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Sunday, December 29, 2013

Drop Smidgen Pinch Dash Tad

ready for the old recipes
 
I got these from the Mennonite store for half of what they are on the Internet. The set of measuring spoons are my gift to me, using a store credit.
 
Tad- 1/2 tsp
Dash- 1/8 tsp
Pinch- 1/16 tsp
Smidgen- 1/32 tsp
Drop- 1/64 tsp
 
Your turn
Do you have old recipe books with these types of measurements? If so, do you use a conversion table? Have you ever seen these spoons anywhere?
 


12 comments:

  1. I was given a set, though not as elegant as yours, for Christmas a few years ago. And cherish them. And mine has a bigger spoon attached - a dollop.

    ReplyDelete
    Replies
    1. EC,
      NOW I want a dollop spoon! I don't know how elegant these are, just the only ones I have ever seen. I certainly do cherish these. The low price thrilled me. These would make a nice gift. Will you email a picture of yours to me? Thanks.

      Delete
    2. Linda: I feel like an idiot. I tracked down my spoon to take a photo for you - and the dollop spoon is not on it! I have hunted (in case it came loose) and cannot find it. I am sure I didn't imagine it. And am v peeved at its absence.
      The remaining spoons say Smidgeon, Pinch and Dash. I want my Dollop.

      Delete
    3. EC,
      Bummer. Now, think. Who was the last person who was smitten with that dollor spoon? And, where did Tad go? Yes, I want dollop to reappear, too. Now, you will be tearing up the house. Just send a picture of the other spoons because I want to see the style. Ot not...lol.

      Delete
  2. I haven't seen set like that but I do have a cookbook with instructions on how to cook BEAR and BEAVER (it says that " it is much like that of the muskrat") It also includes instructions on preparing POSSUM and RACCOON along with other delicacies!!! (Meta Givens, Modern Encyclopedia of Cooking ) I can't vouch for any of these recipes.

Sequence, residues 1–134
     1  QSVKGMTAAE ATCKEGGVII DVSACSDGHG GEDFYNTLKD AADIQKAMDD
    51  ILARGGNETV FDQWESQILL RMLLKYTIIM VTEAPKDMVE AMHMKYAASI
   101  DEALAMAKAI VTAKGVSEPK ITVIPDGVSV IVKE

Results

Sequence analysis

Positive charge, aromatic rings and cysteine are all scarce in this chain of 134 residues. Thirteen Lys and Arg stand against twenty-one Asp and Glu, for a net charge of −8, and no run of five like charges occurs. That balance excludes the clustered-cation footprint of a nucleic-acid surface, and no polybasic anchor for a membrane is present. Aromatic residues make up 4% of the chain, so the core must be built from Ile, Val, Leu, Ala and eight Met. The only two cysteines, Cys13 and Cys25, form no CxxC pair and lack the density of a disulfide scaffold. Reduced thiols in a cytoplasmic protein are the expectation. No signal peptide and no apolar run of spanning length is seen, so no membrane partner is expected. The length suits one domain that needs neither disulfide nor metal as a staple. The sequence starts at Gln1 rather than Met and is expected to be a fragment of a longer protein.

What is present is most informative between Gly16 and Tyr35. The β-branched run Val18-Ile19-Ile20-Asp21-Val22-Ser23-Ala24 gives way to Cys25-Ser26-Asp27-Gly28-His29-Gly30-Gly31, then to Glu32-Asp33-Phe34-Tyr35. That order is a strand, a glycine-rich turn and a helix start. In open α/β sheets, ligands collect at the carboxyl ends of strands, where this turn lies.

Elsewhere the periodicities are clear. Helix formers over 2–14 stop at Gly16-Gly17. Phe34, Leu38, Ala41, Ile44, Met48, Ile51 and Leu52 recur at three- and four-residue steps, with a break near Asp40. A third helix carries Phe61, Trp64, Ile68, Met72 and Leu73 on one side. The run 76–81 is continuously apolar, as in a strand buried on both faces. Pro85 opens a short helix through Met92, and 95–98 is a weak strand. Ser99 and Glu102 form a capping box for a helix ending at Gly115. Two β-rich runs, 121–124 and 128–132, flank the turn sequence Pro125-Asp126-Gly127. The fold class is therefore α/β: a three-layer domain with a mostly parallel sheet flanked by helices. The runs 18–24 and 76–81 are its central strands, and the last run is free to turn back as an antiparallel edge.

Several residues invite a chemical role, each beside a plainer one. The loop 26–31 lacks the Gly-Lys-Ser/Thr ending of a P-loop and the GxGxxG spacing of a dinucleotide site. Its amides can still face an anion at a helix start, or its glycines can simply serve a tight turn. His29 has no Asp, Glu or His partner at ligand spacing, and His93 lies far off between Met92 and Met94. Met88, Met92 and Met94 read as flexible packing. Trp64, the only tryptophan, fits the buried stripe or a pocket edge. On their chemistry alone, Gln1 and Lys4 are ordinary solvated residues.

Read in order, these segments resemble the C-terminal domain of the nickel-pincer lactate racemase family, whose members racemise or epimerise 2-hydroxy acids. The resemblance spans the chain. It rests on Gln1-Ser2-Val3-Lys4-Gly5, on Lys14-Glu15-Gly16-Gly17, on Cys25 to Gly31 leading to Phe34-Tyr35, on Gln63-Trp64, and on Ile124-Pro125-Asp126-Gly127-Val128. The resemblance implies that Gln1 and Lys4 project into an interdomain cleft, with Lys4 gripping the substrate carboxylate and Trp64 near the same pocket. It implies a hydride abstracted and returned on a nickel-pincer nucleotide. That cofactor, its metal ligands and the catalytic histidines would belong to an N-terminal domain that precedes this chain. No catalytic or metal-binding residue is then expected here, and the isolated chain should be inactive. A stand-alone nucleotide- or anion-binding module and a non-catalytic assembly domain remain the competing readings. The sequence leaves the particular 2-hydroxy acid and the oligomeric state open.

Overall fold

ReplyDelete
  3. Janet,
    I laughed until I coughed and choked at "cook. . . like muskrat." Okey dokey, just like the muskrat I cooked last night...lol. We expect you to go get a beaver and eat it after you cook it. Let us know if it is tasty, tender, easy to cook.

    That sounds like a wonderful book to read if not to cook from. Thanks for sharing that little tidbit.

    ReplyDelete
  4. I had a neighbor email me her family's recipe for home canned tomato soup. It had measurements like "a bunch of " celery, a "braid" of onions, and the one that had me puzzled "cube " of butter. I had to track her down on her cell phone to clarify that! Then, the directions for processing were hilarious...merely "process." I did some research yo figure out how to process it (must be pressure canned.) Her family had used this recipe for so long, she needed no further directions! (And she scofffed the USDA claim it might nit be safe due to the butter. It's delicious soup, by the way.)

    ReplyDelete
    Replies
    1. Meg B.,
      I would have put in the whole head of celery or just half, depending on how it looked. "Braid" of onion sounds like 6-8 onions, depending on the size of onions or maybe a dozen. The cube of butter would be to cut enough of the stick that you used a piece shaped like a cube.

      Of course, if I were making enough to can I would probably use the whole head and a dozen onions. Plus, it would be awful to can something and open it later to find that you put too little of something.

      I, too, scoff at the USDA but go ahead and process things like the new recommendations suggest.

      I am getting hungry just reading the words. I think my pizza may be done, my dollar pizza. Thanks for the story.

      Delete
  5. LOL my grandmother recipes all say dash, pinch, smidgen on them.

    ReplyDelete
    Replies
    1. J,
      Well, now you know. I never thought of it before now, but I never even thought of it until now.

      Delete
  6. Oh! Those are awesome measuring spoons. I love them. What a great find. I think I would have paid full price to get a set of those even though none of the recipes I use ask for those measurements. :-)

    ReplyDelete
    Replies
    1. Sue,
      If you look at the conversion chart, you will see you can use the spoons to make a more correct conversion when you divide or multiply a recipe.

      Plus, if you are formulating a new recipe, the spoons will help you to add an amount instead of giving the cinnamon, for example, a shake. Go to NorPro.

      Delete

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